Hide Your Overview
The first image your audience sees sets the stage for the rest of your presentation. Without changing the Prezi starting point, the default first image is the overview. This is view reveals your entire presentation on screen. Your audience can see everything in the overview. There will be times when you don’t want to give away this much information so early in your presentation. You might want to start with a small introductory image before exposing the big picture. When you set the Prezi starting point inside a topic, you can zoom out to the overview to create a dramatic visual effect. Learn more about visuals effects and metaphors with Mandy Schild.
Reveal the Context of your Content
The feature that most sets Prezi apart from other tools is the unique zooming transitions. Prezi’s three-dimensional structure is most effective when you put high-level concepts at the topic level. Topics are seen on the top layer of the Prezi structure. Supporting details for these high-level concepts are best placed in subtopics in the next layer down. The zooming transitions move the viewer’s perspective down deeper to see the details, and brings them back up to the surface to see the high-level concepts.
Transitions between the Prezi layers help your audience visualize the context of your presentation. When you change the Prezi starting point to a topic, you’ll zoom your audience up to the overview after viewing the detail located deeper down. When they up zoom to the surface they’ll be able to see the relationship between what’s in the topic and what’s in the overview. For example, you can start on a topic that shows the first step in a series. Then, when it zooms out to the overview, the viewer discovers how that first step fits into the whole process.
Create a Surprise Reveal Special Effect
Use a Title Slide for the Prezi Starting Point
Customize Your Title Slide
How to Set a Custom Prezi Starting Point
Deciding Where to Start
You can set the Prezi starting point to almost anything in your presentation – a topic, subtopic, object, or animation. Typically, you’ll start with the first topic or its first subtopic. After showing your custom starting point, Prezi Next continues through the normal sequence. So it doesn’t make sense to skip over the first part of your presentation. If you change the Prezi starting point to a point after the first topic, you’ll bypass part of your content. Your audience will never see anything that precedes the custom start. Keep this in mind when making a change to the Prezi starting point.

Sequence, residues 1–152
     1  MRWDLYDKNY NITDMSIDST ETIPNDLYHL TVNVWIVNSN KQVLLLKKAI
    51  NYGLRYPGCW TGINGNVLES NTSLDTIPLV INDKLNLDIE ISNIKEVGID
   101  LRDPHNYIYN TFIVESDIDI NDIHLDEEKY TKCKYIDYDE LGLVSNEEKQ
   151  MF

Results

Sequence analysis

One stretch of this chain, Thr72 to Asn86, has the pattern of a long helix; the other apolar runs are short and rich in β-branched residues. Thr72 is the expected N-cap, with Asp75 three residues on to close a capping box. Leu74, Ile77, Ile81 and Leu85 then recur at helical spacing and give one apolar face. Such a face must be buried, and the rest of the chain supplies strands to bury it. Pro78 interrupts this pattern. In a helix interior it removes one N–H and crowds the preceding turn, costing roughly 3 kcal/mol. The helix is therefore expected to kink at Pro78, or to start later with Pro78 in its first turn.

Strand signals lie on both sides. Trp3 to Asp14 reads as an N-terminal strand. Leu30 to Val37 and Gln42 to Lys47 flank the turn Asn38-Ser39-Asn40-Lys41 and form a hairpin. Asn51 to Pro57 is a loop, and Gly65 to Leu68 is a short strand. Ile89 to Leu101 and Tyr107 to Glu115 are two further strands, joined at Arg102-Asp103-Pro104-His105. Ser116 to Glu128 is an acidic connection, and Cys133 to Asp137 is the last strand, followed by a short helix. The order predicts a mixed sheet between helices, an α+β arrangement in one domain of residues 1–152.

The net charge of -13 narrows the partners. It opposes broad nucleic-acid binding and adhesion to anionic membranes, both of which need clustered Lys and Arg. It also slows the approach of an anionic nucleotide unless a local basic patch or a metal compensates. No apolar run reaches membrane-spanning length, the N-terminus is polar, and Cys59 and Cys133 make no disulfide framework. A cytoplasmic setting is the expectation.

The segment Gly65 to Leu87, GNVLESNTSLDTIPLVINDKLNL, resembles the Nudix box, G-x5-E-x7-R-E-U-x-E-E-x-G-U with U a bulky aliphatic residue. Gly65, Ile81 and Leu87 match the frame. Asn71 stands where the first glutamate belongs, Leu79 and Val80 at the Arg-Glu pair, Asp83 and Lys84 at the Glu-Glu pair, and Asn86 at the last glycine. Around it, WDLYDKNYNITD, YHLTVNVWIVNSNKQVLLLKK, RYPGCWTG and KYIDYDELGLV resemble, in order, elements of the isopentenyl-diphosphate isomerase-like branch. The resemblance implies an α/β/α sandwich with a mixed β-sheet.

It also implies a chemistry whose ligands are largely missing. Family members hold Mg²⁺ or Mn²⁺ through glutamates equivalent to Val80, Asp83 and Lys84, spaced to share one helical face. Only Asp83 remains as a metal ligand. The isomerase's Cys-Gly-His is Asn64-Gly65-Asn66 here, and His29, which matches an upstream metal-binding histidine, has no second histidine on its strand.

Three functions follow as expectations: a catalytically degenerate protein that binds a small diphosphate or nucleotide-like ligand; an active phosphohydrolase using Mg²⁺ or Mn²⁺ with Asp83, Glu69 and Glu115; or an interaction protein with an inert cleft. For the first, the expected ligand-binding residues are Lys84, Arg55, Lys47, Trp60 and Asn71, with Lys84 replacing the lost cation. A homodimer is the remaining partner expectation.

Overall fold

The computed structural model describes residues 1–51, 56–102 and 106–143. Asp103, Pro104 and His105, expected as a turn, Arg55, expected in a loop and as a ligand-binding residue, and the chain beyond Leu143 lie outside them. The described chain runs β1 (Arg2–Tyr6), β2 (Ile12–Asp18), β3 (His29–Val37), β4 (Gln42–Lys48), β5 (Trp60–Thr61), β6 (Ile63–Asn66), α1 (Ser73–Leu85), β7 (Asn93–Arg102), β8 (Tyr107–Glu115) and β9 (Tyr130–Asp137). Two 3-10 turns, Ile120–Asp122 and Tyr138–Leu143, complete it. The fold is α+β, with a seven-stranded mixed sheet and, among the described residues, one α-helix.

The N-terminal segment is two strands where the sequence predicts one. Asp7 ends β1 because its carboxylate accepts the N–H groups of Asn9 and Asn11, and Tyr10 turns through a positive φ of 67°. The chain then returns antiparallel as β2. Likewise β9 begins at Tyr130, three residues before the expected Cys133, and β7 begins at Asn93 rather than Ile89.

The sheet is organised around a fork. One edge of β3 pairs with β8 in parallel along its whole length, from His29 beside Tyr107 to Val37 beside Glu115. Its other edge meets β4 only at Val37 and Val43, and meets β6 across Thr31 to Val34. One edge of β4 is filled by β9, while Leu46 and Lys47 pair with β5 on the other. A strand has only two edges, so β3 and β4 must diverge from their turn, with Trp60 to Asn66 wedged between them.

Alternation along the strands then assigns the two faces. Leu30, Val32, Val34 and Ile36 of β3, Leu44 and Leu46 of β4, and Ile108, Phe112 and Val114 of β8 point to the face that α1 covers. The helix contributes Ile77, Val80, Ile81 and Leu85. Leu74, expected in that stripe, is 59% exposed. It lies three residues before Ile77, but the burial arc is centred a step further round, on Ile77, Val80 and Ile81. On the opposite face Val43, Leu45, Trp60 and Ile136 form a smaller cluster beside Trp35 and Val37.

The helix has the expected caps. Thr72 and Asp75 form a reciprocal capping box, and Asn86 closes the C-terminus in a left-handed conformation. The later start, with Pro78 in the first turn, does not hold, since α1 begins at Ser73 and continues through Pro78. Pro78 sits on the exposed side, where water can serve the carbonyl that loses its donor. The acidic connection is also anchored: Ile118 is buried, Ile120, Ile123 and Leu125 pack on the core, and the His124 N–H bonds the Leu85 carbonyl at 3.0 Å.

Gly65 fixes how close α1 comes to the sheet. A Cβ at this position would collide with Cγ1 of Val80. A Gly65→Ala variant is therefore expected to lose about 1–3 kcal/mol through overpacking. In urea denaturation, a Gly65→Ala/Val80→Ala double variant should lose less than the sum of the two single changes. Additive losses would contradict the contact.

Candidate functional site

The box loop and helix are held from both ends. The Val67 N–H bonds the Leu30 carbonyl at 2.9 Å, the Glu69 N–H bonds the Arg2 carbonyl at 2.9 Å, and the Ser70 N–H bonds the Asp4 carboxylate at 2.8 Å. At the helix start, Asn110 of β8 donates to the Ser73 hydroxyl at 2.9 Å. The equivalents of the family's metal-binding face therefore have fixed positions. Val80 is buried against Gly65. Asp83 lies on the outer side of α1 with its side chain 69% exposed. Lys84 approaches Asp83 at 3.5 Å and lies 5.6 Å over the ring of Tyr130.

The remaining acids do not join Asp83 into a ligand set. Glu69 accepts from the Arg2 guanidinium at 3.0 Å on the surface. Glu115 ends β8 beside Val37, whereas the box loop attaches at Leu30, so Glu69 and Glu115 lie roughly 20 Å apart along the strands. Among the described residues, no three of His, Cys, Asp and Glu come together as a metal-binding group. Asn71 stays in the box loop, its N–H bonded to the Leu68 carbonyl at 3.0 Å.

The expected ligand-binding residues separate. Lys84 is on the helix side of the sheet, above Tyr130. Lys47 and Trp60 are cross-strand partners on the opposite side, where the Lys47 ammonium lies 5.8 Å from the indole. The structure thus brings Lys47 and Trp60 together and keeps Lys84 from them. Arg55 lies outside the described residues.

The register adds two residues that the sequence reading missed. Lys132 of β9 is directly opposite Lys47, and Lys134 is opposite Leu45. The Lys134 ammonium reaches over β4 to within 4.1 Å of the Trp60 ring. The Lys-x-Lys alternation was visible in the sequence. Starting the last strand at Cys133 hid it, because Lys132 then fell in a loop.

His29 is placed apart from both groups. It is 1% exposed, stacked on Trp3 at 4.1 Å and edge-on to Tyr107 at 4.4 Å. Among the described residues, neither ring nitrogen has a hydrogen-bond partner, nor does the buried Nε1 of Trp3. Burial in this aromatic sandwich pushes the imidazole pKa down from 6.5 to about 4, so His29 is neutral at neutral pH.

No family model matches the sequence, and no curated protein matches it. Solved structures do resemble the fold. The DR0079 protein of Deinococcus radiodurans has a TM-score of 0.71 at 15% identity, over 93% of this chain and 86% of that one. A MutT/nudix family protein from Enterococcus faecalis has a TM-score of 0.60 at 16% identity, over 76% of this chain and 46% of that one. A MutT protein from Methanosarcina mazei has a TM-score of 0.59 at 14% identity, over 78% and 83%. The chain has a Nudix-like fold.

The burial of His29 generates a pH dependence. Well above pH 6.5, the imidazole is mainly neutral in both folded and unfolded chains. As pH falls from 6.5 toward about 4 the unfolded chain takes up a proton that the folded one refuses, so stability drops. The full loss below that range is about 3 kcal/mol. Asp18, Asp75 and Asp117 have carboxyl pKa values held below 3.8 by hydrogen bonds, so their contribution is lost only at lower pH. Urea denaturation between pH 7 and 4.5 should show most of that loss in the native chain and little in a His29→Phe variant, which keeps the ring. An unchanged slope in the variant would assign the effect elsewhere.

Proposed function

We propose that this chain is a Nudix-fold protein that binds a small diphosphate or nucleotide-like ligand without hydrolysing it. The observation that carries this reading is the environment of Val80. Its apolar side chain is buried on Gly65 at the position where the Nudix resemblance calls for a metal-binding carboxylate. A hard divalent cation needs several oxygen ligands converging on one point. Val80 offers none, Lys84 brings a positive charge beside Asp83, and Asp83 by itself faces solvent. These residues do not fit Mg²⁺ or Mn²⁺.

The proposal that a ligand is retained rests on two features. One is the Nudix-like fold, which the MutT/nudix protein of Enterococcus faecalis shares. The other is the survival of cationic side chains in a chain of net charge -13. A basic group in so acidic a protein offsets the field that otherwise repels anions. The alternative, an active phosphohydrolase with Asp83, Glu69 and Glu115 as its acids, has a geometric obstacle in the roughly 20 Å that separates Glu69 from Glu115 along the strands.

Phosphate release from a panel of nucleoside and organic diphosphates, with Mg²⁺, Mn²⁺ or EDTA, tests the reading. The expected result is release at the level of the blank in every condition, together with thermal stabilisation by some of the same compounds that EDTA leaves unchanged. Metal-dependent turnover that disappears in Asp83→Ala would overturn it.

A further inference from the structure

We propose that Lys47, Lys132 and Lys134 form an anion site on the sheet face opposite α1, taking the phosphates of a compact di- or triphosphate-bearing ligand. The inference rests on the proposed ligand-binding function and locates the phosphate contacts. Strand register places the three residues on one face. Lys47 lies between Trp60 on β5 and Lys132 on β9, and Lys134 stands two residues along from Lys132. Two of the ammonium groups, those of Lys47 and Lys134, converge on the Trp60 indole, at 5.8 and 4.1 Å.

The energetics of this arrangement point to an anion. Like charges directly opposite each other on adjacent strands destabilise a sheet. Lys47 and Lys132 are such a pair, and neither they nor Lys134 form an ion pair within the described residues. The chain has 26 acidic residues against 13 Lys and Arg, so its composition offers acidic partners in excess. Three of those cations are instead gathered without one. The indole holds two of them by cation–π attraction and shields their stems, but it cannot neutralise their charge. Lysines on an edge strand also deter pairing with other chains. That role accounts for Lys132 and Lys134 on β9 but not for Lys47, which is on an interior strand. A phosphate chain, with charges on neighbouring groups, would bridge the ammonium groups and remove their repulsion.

A Tip for Presenting
There are a variety of ways to present your prezi. Regardless of how you present, take the time to fully load your prezi before revealing it on screen, especially if it is very large. As the prezi is loading, you might catch a glimpse of the overview before it displays the starting point. This flash of this big picture defeats the whole purpose of setting a custom Prezi starting point. You can get around this if your presentation is already on the starting point before you open your laptop, or before you turn your projector on. If you’re in a conference situation and you can’t pre-load the prezi before your talk, hide the screen using a shortcut key or the button on your remote. Unhide the screen when you’re ready to begin, and all the audience will see is your custom starting point.
Making a Prezi Next Path
The Prezi Classic path moves from frame to frame, guiding the viewer through the content. Prezi Next doesn’t have a path. But you can make your own path using zoom animations. Incorporating a series of zoom animations with a custom starting point gives you complete control over the movement of your prezi. By changing the Prezi starting point to the first animation in the series, you bypass the overview, saving it for the very end of your presentation. It isn’t as easy to use as the Prezi Classic path, but it’s a close approximation. Setting a custom Prezi starting point can significantly change your presentation. For such a simple feature, it offers a variety of options to make your presentation more interesting and engaging.